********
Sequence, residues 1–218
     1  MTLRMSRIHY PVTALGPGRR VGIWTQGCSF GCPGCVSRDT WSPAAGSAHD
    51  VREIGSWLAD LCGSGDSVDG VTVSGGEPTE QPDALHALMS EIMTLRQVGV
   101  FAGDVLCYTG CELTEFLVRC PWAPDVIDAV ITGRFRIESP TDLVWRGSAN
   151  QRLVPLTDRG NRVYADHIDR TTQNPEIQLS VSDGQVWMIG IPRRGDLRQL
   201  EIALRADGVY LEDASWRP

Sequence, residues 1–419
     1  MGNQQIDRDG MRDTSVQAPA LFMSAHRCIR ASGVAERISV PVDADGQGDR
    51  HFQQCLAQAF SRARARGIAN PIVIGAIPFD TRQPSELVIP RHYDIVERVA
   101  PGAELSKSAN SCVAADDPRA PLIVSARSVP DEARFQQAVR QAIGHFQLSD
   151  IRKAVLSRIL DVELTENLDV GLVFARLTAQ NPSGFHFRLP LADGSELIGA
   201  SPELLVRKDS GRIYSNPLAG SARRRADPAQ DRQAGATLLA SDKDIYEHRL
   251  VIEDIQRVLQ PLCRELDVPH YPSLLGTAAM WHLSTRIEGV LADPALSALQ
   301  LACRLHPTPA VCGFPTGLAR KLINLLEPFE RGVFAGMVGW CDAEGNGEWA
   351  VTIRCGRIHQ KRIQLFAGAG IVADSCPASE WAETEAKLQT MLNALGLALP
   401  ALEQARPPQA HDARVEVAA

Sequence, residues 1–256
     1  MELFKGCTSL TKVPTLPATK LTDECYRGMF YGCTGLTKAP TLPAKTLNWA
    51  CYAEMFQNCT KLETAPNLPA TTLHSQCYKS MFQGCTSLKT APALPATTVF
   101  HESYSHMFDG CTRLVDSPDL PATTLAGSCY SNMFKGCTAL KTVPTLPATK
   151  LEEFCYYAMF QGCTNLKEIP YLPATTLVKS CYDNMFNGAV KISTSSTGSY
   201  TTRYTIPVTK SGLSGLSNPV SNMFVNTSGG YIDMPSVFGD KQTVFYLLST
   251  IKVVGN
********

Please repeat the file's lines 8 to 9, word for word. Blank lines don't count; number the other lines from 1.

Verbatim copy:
     1  MGNQQIDRDG MRDTSVQAPA LFMSAHRCIR ASGVAERISV PVDADGQGDR
    51  HFQQCLAQAF SRARARGIAN PIVIGAIPFD TRQPSELVIP RHYDIVERVA